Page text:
Poor local infrastructure has long been a challenge for many schools in Zimbabwe. Prospect Primary School in Waterfalls, Harare, and Chipembere Primary School in Highfields are two schools that were struggling to access water.
Erratic water supplies and limited handwashing facilities deprived the schools of basic hygiene and often forced the schools to send children home early.
With hygiene standards reduced, students’ health and education outcomes were both under threat. GOAL teams in Zimbabwe stepped in to support in the construction of group-handwashing stations as part of its Water, Sanitation and Hygiene (WASH) project. The project is carried out in partnership with UNICEF and Ministry of Primary and Secondary Education (MOPSE). These two schools were selected as a pilot for establishing affordable, effective hygiene solutions in Zimbabwean communities.
Benefits for the Whole Community
The hand-washing stations are important for improving hand-washing practices for students but will also have a knock-on effect for the wider community, with students bringing benefits of hygiene promotion home with them. These new hand-washing stations will also improve access to education for students, with attendance no longer being impacted by illness as a result of poor hygiene.
The handwashing facility is simple but effective. It is designed to enable 10 children to wash their hands at the same time. The concrete structure has a long trough to catch and drain away the water, which comes from a fixed parallel pipe. Pieces of soap hang at regular intervals on the station.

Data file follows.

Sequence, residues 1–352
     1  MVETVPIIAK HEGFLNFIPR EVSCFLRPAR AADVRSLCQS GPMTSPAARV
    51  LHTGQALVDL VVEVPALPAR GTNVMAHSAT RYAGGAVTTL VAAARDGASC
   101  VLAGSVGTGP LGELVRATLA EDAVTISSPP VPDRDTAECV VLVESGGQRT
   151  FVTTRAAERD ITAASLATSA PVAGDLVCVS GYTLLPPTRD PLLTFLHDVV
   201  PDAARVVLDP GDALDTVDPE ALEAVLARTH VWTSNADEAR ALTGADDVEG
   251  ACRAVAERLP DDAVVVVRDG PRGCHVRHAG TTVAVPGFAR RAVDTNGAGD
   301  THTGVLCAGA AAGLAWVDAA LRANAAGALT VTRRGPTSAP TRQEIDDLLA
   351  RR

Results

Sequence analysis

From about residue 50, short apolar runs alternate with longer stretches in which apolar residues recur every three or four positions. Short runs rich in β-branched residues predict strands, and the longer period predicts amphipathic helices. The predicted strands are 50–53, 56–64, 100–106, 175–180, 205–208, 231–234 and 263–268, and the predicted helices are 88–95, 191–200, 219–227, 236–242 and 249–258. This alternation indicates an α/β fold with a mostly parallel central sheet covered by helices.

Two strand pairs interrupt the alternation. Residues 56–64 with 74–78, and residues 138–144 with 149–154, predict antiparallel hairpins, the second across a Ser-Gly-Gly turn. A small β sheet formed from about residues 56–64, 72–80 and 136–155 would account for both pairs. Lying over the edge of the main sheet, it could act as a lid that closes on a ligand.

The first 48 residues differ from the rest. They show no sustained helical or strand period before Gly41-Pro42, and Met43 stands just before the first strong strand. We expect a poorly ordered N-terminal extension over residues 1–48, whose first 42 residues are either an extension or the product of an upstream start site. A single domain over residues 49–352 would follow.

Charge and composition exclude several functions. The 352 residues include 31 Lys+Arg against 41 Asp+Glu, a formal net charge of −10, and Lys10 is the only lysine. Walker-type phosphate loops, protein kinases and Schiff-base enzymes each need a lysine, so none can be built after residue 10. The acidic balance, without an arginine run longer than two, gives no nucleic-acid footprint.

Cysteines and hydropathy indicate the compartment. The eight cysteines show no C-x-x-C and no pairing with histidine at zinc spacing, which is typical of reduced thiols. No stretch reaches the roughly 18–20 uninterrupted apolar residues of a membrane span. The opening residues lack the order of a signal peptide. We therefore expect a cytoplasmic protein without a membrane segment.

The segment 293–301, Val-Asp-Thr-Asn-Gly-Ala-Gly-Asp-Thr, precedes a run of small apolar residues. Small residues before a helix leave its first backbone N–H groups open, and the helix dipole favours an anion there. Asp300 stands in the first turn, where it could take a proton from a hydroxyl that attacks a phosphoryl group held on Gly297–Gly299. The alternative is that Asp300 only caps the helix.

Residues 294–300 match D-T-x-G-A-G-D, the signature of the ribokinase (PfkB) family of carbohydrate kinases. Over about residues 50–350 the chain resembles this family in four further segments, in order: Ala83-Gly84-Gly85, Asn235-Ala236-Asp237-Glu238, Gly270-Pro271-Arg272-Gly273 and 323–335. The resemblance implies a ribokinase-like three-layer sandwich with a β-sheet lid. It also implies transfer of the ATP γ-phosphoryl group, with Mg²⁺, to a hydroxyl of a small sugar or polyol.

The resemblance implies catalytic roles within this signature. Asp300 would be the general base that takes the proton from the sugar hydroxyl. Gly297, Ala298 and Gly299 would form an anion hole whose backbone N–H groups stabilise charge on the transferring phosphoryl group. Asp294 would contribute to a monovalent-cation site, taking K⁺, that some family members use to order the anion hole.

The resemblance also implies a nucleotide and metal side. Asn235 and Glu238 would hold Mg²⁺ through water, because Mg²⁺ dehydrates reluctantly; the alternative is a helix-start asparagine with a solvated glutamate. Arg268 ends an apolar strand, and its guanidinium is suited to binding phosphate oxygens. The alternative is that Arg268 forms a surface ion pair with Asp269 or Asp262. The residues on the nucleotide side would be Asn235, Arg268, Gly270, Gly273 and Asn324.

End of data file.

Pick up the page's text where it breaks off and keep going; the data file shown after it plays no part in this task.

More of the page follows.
Just In Time for School
The handwashing station could not have come at a better time – just as classes resumed following Covid-19 lockdown. As part of the scheme, schools educate pupils in hand hygiene to combat the virus. The schools in Prospect and Chipembere were ready to do their part, with support from GOAL.
“We are grateful to the GOAL WASH programme for their tireless efforts towards improving hygiene and sanitation. Everyone at school now washes their hands after using the toilet,” said Ms Ndoda, a teacher Prospect Primary school.
Twelve-year-old student, Tafadzwa, sees the benefits of the handwashing station. “Every day I make an effort as soon as I come to school go to the hand washing facility and wash my hands. I know that unclean hands make me sick, and we can carry bacteria if we eat food without washing our hands. With this station, we can stay healthy and get on with our studies.”
Prospect Primary School Headmistress, Mrs Zviripi says, “We hope the programme is extended to neighbouring schools and other parts of the community, such as the church. Handwashing is the first defence against Covid-19 and other diseases. We are happy that this can help prevent the spread of the virus in our school,” she said.
As the breaktime bell rings, Tafadzwa and her friends line up to for class, hands clean and minds ready to learn.